This paper addresses the  generation  of  rents  and  the  distribution  of  gains  in  the  global  operations  of  governed Global  Value  Chains  (GVCs)  and  seeks  to  provide  an  architecture  for  analyzing  the  governance  of  GVCs.  It distinguishes between four sets of rent—gifts of nature; innovation rents; exogenously defined rents; and market power—and three spheres of governance—setting the rules -“legislative governance”; implementing the rules -“executive governance”; and monitoring rules and sanctioning malfeasance -“judicial governance.” The exercise of governance power in GVCs over the generation, protection and appropriation of rents is considered though the lens of four sets of key GVC stakeholders—the corporate sector, civil society organizations, the nation state and supranational institutions. This general analysis is given flesh through three case studies: food-safety standards in GVCs; taxation  policies  and  competition  policies.  In these  sectors,  the  corporate  sector  is  generally  much  more effective in governing rent generation and appropriation in the global operations of GVCs than are the three sets of  non-corporate  stakeholders.  From this  observation  we  offer  a  hypothesis  that  the  capacity  of  non-corporate stakeholders, including national states, to govern GVCs is contingent upon the extent to which this coincides with the interest of the corporate sector. However, as noted, this balance of power between private and non-corporate actors is a contested terrain and dynamic in nature.

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Standards, regulation and sustainable development in a global value chain driven world

Regulations and standards have become an increasingly important factor affecting the capacity of producers to participate in global markets. Directly and indirectly, they not only determine the terms of market-entry but also affect the extent to which different producers are able to position themselves in global value chains in a manner which provides for socially and environmentally sustainable income growth. Standards compliance can enhance producer capabilities and assist in meeting many of the SDG objectives. But it may also involve trade-offs between different SDG goals. Standards compliance is simultaneously inclusive (facilitating the participation of low and middle income countries producers in global production and spreading incomes more widely globally) and exclusive (barring small producers from market access and displacing unskilled labour from supply chains). What policy measures will best lead to the most positive outcomes as standards diffuse through global value chains?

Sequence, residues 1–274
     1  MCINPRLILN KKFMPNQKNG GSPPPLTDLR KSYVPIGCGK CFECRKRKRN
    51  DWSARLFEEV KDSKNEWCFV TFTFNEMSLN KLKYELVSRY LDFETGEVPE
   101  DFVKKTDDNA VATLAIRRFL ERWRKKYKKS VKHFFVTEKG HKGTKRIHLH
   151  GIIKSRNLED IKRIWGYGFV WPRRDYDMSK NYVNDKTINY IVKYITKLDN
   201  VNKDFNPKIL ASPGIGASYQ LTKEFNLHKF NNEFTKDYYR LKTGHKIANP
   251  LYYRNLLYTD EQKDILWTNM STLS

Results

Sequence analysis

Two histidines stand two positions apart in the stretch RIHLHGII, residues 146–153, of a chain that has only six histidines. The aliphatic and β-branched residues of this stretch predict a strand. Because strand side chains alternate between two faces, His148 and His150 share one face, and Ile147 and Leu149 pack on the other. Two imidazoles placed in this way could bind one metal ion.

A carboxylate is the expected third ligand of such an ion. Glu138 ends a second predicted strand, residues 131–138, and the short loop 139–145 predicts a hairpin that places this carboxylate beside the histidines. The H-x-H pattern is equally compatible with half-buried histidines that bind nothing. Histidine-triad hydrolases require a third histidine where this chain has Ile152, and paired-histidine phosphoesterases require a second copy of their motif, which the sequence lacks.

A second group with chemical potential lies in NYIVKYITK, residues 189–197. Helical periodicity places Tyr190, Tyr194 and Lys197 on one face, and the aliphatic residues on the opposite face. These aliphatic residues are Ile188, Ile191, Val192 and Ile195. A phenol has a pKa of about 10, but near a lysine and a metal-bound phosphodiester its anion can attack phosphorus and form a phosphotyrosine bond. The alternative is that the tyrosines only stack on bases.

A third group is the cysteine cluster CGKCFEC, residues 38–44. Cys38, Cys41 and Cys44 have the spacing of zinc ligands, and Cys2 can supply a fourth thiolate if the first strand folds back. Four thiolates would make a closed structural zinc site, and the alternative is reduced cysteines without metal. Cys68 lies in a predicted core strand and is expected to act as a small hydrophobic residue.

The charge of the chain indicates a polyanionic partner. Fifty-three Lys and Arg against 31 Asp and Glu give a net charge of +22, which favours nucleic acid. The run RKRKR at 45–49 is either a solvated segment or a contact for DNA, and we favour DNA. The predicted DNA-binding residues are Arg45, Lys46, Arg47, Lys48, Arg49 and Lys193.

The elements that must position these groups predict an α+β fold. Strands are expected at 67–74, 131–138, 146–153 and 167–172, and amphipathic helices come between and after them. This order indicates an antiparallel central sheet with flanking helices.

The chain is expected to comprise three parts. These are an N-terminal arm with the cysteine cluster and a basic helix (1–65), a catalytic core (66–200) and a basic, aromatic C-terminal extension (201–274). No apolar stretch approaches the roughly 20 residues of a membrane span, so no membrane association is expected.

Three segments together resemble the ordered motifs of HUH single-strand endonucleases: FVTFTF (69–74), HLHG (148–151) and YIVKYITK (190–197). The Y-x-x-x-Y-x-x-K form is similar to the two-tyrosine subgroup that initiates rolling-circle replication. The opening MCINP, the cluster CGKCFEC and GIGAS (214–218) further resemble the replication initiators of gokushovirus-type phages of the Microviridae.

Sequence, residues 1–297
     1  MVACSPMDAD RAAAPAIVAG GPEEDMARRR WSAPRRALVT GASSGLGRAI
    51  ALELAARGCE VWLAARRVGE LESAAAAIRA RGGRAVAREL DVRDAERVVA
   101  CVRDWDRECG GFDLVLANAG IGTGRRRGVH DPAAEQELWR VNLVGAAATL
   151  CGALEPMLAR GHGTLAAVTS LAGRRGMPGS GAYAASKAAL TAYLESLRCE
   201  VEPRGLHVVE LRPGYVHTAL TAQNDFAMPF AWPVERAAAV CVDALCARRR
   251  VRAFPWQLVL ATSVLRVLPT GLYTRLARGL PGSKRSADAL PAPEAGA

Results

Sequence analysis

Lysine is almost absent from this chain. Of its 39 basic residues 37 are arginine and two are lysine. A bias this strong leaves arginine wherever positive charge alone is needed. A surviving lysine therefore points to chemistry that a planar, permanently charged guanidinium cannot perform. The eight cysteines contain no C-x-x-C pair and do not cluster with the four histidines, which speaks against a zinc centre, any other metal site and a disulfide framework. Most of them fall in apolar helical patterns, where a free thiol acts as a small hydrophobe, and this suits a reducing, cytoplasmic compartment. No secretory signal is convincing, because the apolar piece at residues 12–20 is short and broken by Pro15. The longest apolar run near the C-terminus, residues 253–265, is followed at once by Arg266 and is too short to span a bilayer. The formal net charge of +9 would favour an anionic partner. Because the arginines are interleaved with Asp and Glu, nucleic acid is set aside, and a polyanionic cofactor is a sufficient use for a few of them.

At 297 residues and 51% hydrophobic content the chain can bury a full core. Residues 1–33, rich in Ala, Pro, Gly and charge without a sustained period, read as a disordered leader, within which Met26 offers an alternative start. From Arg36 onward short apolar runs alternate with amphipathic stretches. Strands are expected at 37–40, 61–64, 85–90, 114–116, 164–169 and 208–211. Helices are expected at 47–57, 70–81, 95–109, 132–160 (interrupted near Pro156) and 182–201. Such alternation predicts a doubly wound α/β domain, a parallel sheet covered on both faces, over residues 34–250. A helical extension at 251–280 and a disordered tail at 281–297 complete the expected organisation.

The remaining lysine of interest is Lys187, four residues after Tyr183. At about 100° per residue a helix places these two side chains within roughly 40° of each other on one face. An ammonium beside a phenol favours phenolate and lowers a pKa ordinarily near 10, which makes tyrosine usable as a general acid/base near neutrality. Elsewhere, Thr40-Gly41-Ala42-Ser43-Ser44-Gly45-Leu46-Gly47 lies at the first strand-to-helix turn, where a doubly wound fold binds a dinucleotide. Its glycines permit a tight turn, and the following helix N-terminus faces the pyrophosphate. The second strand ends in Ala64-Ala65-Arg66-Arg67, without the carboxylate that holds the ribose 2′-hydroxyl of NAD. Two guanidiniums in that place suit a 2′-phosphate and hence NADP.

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“One thing leads to another”—Commodities, linkages and industrial development

With a particular focus on low income economies in SSA, this paper addresses the nature and determinants of linkages from the commodities sectors and challenges the received view that enclave development is an inherent characteristic of resource extraction, particularly in the hard and energy commodities sectors. It argues that there has been a steady increase in linkage development and that there are significant opportunities for deepening this process. The opportunities may be greater for backward than for forward linkages, particularly in the minerals and energy sectors. In making this case, this Discussion Paper draws on the experience of high income countries which have resource intensive economic structures, the geographical specificity of many resources and the growing interest of large resource extracting firms in outsourcing the production of inputs which are outside of their core competences and in supporting local production of some inputs, it sets out a general model of linkage development which distinguishes between win–win and win–lose outcomes.